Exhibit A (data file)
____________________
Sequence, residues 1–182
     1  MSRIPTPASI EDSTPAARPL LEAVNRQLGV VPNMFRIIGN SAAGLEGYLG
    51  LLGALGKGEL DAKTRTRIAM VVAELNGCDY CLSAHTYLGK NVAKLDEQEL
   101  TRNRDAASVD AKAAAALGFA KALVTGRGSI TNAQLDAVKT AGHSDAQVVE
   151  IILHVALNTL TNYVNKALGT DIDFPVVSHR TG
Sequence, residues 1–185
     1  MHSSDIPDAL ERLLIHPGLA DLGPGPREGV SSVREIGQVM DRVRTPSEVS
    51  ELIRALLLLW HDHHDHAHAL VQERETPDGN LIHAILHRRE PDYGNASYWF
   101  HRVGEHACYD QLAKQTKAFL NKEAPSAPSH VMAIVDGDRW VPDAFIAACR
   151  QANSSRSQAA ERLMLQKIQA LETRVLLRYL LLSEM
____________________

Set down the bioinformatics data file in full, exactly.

Sequence, residues 1–182
     1  MSRIPTPASI EDSTPAARPL LEAVNRQLGV VPNMFRIIGN SAAGLEGYLG
    51  LLGALGKGEL DAKTRTRIAM VVAELNGCDY CLSAHTYLGK NVAKLDEQEL
   101  TRNRDAASVD AKAAAALGFA KALVTGRGSI TNAQLDAVKT AGHSDAQVVE
   151  IILHVALNTL TNYVNKALGT DIDFPVVSHR TG
Sequence, residues 1–185
     1  MHSSDIPDAL ERLLIHPGLA DLGPGPREGV SSVREIGQVM DRVRTPSEVS
    51  ELIRALLLLW HDHHDHAHAL VQERETPDGN LIHAILHRRE PDYGNASYWF
   101  HRVGEHACYD QLAKQTKAFL NKEAPSAPSH VMAIVDGDRW VPDAFIAACR
   151  QANSSRSQAA ERLMLQKIQA LETRVLLRYL LLSEM